That was enough for a very relaxed mood for everybody except my new Platoon Sargent, SFC Manfred Fellmann. As a former member of the German Wehrmacht in World War II at eleven years old and a holder of the Iron Cross no less; he did not just like beer; he loved beer. So he always made his own, more extensive, arrangements.
After the beer and a barbecue, we were at the company headquarters building that evening. Tom Gaffney, the Alpha Company CO (Commanding Officer) and I were sitting in our office drinking when we heard the first of the three mortar rounds hit up the hill, near the Battalion Headquarters.
This was the battalion headquarters building. The roof was holed in several places. The front of the building was partially blown in even though it was not facing the explosions. Although old, the building was solid concrete block and steel reinforced concrete construction but it still partially blew apart. Photo by Jerry Berry 3/506th PIO.
We had not even heard the thump when the mortars were fired, but we sure heard the little explosions when they went off. By the time we got outside we could hear Tiger Shark, our gunships, already winding up their engines on the tarmac getting ready to go mortar hunting. It was easy at night to see the flash when the mortars fired, and gunship pilots loved hunting and killing mortar teams.
After the mortar explosions there was a fire burning up just beyond battalion headquarters that we could see the light from it in the dark sky, but the first few secondary explosions were not much. Then, a big one detonated.
Tom started yelling to set up a perimeter around the company headquarters. He was worried about VC sappers infiltrating the LZ Betty’s perimeter in the confusion. He was standing in the Orderly Room doorway, yelling, but still holding his fifth of Jack Daniels Black Label open in one hand. Then we heard the blast from the next explosion that was even bigger than the last one.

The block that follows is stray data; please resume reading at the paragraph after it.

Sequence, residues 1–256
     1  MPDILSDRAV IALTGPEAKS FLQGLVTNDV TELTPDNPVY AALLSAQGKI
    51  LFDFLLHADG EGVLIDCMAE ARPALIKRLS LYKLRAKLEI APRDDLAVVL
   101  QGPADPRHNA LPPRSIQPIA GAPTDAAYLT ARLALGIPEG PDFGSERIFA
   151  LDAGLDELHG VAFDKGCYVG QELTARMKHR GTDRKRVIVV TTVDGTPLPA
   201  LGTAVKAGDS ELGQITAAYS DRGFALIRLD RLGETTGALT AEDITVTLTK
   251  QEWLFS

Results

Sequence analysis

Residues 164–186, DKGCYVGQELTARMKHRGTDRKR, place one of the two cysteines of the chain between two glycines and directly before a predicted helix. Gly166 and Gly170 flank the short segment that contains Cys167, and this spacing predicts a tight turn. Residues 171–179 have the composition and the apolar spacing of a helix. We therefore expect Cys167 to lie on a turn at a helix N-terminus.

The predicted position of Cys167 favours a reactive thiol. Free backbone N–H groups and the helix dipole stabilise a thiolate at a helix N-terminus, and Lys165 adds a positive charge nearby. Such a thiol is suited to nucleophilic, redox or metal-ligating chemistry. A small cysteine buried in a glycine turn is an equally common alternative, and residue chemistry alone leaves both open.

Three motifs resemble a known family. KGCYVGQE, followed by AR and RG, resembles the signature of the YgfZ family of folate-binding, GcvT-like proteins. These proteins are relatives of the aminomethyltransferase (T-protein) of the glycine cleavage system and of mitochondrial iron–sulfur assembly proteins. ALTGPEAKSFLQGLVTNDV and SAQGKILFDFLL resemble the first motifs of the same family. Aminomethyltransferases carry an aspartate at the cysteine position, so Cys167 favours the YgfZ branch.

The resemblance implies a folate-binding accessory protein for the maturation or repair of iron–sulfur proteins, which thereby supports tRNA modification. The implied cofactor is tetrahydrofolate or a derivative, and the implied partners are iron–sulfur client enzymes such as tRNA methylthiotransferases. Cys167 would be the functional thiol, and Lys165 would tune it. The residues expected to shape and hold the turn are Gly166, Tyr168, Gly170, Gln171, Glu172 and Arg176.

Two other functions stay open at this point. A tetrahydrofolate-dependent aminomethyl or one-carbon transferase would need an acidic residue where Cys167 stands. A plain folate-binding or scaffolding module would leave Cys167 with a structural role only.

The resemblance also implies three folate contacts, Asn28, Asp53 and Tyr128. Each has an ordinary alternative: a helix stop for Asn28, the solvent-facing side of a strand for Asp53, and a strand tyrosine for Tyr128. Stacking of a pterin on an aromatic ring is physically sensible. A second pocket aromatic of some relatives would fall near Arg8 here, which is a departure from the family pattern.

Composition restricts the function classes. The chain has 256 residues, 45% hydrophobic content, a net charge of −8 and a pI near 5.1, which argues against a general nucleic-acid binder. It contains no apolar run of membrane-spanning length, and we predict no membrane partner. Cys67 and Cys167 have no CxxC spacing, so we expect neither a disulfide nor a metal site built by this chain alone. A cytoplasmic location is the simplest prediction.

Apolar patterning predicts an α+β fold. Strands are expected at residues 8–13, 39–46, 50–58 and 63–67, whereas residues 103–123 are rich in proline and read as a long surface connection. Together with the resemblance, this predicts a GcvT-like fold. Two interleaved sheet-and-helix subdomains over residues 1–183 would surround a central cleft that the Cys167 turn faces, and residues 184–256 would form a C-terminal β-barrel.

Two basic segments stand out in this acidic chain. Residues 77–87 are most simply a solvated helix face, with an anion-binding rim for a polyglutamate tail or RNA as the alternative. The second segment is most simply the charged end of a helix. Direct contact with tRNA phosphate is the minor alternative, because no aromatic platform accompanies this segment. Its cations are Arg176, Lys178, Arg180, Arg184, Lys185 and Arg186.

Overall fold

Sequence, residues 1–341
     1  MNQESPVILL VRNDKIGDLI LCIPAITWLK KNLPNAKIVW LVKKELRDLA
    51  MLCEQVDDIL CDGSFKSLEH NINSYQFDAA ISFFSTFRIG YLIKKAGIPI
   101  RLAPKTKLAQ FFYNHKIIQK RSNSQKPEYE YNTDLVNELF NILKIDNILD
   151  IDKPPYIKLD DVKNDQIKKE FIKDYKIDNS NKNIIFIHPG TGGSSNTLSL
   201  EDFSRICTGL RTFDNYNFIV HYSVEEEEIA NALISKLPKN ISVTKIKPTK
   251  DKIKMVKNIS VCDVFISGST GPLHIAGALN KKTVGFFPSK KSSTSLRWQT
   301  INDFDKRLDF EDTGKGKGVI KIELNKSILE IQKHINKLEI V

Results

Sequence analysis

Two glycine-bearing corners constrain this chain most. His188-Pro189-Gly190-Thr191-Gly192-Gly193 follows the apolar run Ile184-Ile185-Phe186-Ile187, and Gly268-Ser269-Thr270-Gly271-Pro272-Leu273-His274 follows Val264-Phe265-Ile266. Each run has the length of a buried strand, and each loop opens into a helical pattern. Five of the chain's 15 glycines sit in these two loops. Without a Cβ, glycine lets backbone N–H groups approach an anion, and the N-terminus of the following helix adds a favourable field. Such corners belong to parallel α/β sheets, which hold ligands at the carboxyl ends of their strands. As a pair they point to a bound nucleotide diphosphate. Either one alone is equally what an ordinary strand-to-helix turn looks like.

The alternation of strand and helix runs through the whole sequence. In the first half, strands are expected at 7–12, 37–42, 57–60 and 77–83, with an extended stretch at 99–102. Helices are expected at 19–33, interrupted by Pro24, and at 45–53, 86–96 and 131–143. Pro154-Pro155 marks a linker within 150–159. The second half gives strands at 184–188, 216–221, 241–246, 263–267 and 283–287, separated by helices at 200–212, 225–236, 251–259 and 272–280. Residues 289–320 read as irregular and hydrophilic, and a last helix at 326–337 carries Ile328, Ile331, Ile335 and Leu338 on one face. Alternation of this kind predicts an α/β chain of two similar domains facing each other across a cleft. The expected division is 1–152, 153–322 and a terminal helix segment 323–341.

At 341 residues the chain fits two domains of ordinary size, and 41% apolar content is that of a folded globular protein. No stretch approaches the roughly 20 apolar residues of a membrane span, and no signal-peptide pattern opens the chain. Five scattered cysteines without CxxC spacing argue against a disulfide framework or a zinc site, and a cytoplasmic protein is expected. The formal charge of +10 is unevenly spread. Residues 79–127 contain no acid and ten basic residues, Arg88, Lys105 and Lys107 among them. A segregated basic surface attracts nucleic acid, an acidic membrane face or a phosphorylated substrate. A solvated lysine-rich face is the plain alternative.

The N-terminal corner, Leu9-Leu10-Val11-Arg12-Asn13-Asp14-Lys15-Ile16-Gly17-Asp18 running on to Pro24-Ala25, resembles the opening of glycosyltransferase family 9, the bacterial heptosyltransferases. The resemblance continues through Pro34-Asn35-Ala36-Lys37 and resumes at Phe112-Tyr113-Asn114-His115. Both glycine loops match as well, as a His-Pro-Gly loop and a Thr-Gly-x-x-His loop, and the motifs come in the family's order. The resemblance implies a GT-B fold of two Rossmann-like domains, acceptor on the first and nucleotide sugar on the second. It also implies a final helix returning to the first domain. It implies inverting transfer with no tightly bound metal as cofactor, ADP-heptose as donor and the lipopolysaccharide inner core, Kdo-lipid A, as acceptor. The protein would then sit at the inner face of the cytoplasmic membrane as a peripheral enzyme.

I got my platoon digging their foxholes and connecting them with 1st and 3rd platoons positions. We made a large company perimeter around our HQ building entirely inside the LZ Betty perimeter. When I finished setting the troops’ positions, I walked back along my line as they dug in.
The next explosion was simply unbelievable. There are some sounds that are so loud that you cannot hear them. You feel them instead. I immediately dropped down in a foxhole beside of one of my troops, who had also dropped down in his half dug foxhole as the sound waves shattered the night above us. After the explosions died down again, I got up and continued to walk my line. I had taken only about three steps when there was an even bigger explosion. It was like nothing I had ever heard. It was so large, so loud, so powerful, but first, it lit the entire night sky like day.